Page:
Pest-Free Pauatahanui group aiming to eradicate wasps from Wellington

ALDEN WILLIAMS/Stuff.co.nz
The story of Vespex.

A plan to eradicate wasps in Wellington will start with laying out bait over 100 hectares north of the city.

The Pest-Free Pauatahanui group and epidemiologist Leigh Corner are aiming to do a trial run at Pauatahanui in early March, and are hoping it will lead to a wider rollout in 2019.

Group spokeswoman Joanne Cross said wasps were a leading pest, consuming massive amounts of honey dew and native insects.

A container of wasp bait, Vespex.
MARION VAN DIJK/STUFF
A container of wasp bait, Vespex.

The trial follows a Wasp Wipeout campaign led by Stuff, in partnership with DOC and the Tasman Environmental Trust, in which community groups, business sponsors and many others have raised more than $55,000 towards eradicating german and common wasps in and around Nelson.

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The Pauatahanui trial will involve using meat-based bait Vespex, containing the insecticide fipronil, which will be deployed from 21 bait stations.


"This bait is targeted at wasps and is not attractive to bees or people as it is used to control fleas on pets and insects on food crops," Cross said.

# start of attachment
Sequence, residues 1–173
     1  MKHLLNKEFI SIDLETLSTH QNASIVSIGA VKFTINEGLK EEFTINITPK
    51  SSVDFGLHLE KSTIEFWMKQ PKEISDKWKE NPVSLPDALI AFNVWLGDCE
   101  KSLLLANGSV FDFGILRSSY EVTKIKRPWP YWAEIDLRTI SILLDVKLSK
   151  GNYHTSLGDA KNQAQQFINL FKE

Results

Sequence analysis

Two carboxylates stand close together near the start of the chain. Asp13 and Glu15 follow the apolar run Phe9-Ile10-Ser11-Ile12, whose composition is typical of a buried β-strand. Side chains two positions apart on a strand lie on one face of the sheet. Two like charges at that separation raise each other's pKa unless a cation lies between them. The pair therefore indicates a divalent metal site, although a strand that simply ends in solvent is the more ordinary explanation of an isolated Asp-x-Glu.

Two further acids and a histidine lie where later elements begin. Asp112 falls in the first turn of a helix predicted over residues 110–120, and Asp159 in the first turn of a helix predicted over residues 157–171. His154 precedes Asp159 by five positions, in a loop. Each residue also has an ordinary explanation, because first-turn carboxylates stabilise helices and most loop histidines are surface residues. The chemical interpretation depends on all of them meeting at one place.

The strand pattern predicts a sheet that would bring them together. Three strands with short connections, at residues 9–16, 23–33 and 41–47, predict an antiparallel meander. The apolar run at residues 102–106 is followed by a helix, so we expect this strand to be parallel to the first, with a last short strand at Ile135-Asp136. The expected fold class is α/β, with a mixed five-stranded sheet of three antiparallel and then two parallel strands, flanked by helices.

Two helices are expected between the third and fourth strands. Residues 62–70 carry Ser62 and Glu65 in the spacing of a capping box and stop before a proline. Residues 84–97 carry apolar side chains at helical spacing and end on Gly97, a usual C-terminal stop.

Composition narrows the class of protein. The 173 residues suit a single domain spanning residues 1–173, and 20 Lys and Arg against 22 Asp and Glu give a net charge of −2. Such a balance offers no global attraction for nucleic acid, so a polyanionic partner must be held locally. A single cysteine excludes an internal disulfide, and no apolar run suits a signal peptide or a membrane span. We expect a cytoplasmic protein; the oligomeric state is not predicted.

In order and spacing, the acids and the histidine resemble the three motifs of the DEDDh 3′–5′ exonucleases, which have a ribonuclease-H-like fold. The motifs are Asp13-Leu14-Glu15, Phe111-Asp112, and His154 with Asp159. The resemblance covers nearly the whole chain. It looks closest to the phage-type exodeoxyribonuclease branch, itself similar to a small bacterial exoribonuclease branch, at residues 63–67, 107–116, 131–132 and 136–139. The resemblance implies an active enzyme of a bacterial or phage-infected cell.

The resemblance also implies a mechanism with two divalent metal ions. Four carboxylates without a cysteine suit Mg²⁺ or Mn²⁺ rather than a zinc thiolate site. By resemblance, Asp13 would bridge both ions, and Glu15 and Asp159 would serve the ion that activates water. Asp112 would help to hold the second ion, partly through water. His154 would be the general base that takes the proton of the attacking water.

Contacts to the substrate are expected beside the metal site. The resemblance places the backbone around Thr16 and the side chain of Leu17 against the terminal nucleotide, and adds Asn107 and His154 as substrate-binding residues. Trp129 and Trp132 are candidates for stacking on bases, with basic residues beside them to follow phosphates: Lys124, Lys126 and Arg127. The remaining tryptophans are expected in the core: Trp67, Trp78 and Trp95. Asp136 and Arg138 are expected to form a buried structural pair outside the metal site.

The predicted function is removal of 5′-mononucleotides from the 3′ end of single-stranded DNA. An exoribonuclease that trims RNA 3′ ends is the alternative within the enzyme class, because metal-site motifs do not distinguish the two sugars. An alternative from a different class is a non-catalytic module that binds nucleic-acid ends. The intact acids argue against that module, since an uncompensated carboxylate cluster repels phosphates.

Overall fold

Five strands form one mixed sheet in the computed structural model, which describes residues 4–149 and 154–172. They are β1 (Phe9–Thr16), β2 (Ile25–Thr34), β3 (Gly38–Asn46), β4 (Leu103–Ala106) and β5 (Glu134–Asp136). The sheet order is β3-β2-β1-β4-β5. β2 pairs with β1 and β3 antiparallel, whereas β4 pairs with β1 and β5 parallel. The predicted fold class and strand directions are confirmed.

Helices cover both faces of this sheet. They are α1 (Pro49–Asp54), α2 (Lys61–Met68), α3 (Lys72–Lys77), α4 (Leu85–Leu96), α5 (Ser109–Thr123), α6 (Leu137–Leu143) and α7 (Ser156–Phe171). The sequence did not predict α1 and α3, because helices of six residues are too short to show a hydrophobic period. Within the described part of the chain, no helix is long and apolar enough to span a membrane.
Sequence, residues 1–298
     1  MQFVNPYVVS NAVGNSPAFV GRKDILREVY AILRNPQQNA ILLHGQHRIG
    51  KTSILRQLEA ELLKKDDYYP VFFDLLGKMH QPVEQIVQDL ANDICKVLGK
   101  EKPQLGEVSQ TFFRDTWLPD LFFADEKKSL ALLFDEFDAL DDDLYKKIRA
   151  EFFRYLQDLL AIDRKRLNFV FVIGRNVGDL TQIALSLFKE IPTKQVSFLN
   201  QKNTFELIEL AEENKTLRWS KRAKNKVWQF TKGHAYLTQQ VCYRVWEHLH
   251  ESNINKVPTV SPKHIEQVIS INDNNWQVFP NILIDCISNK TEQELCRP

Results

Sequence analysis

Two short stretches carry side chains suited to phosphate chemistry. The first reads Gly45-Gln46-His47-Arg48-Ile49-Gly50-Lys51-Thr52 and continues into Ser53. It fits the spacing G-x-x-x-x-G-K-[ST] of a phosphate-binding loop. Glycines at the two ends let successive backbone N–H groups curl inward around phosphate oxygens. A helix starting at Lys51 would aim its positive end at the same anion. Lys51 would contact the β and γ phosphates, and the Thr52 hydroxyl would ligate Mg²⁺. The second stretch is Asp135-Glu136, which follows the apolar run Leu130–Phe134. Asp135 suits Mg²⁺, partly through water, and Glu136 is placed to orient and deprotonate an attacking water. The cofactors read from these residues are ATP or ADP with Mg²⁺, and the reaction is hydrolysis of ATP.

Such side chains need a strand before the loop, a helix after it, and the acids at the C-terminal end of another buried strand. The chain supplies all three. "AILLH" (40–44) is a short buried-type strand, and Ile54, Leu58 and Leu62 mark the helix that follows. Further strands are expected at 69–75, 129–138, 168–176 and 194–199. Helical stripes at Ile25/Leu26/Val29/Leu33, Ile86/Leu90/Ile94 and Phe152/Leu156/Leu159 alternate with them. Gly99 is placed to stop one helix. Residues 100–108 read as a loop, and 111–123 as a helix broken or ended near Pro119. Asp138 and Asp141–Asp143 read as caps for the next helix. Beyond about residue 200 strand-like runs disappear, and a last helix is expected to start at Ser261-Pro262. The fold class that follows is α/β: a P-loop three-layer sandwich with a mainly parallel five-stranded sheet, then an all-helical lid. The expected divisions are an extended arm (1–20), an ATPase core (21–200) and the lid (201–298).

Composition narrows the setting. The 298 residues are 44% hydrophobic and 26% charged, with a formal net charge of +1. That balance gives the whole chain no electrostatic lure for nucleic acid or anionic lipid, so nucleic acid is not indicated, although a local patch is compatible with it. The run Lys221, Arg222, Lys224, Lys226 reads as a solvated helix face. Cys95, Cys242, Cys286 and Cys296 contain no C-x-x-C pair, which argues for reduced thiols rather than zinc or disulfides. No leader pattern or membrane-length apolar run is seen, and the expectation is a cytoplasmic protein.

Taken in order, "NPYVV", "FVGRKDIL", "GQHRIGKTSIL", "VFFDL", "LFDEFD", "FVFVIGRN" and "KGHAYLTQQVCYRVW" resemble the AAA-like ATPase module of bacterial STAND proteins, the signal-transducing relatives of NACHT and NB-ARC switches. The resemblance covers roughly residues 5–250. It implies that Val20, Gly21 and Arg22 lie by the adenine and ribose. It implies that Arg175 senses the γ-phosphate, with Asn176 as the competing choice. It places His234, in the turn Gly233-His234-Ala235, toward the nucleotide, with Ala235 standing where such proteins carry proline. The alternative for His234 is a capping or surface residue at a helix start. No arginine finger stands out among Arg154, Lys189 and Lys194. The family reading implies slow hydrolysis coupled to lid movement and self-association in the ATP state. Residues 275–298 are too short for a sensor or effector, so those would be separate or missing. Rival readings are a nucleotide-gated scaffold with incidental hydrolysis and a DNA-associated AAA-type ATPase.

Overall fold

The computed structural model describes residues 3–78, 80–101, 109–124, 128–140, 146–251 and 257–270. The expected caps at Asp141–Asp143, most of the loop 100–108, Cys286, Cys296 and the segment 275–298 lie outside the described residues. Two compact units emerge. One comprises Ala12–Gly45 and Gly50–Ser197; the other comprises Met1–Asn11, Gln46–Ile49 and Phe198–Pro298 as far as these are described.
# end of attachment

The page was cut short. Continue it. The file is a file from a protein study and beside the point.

"Wasps take the bait back to their nests to feed their young and the queen, wiping out the nest.

"This method means rather than just one nest many will be destroyed as wasps roam widely.

The days of wasps in Wellington could be numbered.
supplied
The days of wasps in Wellington could be numbered.

"But it is only effective at certain times of the year when wasps are eating protein."

New Zealand has some of the highest densities of german and common wasps in the world, which are a nuisance to forestry gangs, tourists, and campers.

But, perhaps more importantly, they consume massive amounts of honey dew, particularly in beech forests, which is an important food for native birds, bats, insects and lizards.

The eradication trial will involve a wasp activity test to measure wasp numbers, then a bait period of 3-8 days and a follow up activity test to determine the success.

"The bait is placed inside a small triangular station one metre above ground and safely out of reach of curious pets and children," Cross said.

The ultimate goal - funding permitted - would be to extend the trial around Wellington.

"We understand Nelson have managed this on a fairly small budget, and we want to see if we can go in the same direction."

* Pest Free Pauatahanui will have information available at the Battle Hill Farm Day from 10am to 2pm on Jan 21. Contact Joanne Cross on 04 237 7666 or crossandco@xtra.co.nz

Stuff